OK, so you’re having one of those days and desperately need to vent — but how much venting is too much? When does venting morph into complaining? Here’s how to get things off your chest without being too Eeyore about it — and why it’s important for your health.
Between studies that say venting is bad for your health, along with positivity this and silver lining that, I have to ask — where does all the anger go? Just because you’re not talking about what’s bothering you doesn’t mean it’s no longer there, which in the long run can be just as unhealthy. It’s ridiculous to act like your life is a box of kittens 24/7, but that’s what many of us attempt to do.
Plus, when the advice you receive is usually “Suck it up” or “It could be worse,” it’s no wonder so many of us have resorted to suppressing our feelings altogether. Meanwhile, emotional suppression leads to constantly functioning at high levels of stress and tension, which then leads to high blood pressure, heart disease and a weakened immune system, among other things. It also leads to a cloudy mind, constantly distracting you and eventually impacting your career and relationships.
Venting versus complaining: Yes, there’s a difference!
I attribute venting to having a Scarlett O’Hara moment where you just can’t take it anymore — you rush to the Yoda in your life (admit it, we all have one), gush about the crap that’s frustrating you and together you figure out what you’re going to do about it. (Sure, you could vent to yourself to not have to subject anyone to your storm of anger, but then you’d end up committed and would have a whole new set of issues.) This is healthy because you’re constructively looking to change your situation.
Complaining, on the other hand, is when you vent about the same problems over and over and over and over and over (and… well, you know). Not only are you running around in circles and doing nothing to change your situation, you’re adding more fuel to the fire — so the next time you’re in said frustrated situation, guess what? You’re going to be frustrated times 10. This is unhealthy because you’re making your stress level worse, along with the stress levels of those you vent to.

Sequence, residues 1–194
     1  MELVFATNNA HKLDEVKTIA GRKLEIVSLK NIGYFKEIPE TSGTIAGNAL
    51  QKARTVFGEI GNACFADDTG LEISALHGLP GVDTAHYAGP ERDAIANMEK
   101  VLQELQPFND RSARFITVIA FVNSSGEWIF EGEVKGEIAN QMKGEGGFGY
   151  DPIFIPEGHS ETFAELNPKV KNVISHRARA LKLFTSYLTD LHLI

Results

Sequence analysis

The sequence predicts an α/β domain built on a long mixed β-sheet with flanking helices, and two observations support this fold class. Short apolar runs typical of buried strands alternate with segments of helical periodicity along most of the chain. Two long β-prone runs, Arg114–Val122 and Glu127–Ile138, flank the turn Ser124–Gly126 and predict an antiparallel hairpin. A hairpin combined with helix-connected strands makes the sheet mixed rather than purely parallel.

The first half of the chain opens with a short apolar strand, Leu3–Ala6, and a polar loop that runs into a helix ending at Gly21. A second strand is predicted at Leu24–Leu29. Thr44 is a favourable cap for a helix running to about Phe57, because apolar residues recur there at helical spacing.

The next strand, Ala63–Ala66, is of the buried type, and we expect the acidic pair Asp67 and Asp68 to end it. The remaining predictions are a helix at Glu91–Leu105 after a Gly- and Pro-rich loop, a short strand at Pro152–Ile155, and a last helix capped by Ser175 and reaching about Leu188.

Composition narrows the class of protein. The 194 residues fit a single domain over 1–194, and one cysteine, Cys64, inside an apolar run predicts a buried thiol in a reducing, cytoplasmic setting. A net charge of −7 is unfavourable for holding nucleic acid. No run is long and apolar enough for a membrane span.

How to become a venting extraordinaire
Choose a likeminded listener. Talk to someone constructively about what’s bothering you, and make sure you give as much griping time as you receive. If your problem can be solved quickly, talk it out to find a solution. If it’s something that can’t be solved — for example, your beau has a super-irritating habit — expressing your frustration about it to a friend can help you get it off your chest without denting your relationship.
Pinpoint exactly what’s bothering you. Sometimes women have a hard time focusing on one individual instance. Instead, we end up making broad generalizations that are impossible to combat, thanks to allowing the little frustrations to pile up. Take responsibility for that fact and only deal with one frustration at a time. Finding the common thread will help you get to the core of what’s really bothering you.
Physically vent instead. If you’ve talked about what’s bothering you but are still struggling to move on, try removing yourself from the situation for as long as it takes so you can cool down. Go for a walk, take a spin class, listen to Alanis — it’s much easier to find a solution when you’re feeling more calm and less Tasmanian devil.
Own how you feel. Don’t apologize for what’s bothering you — allow yourself to feel the anger. Expressing your anger too much will make it grow, as will allowing it to fester. Let your subconscious do the work: Leave a note for your subconscious and let it know that you’re on the market for a good old-fashioned epiphany to help you through your rough patch. It could take days, weeks or only an hour, but eventually you’ll be able to solve what’s bothering you if you trust in your ability to find a solution.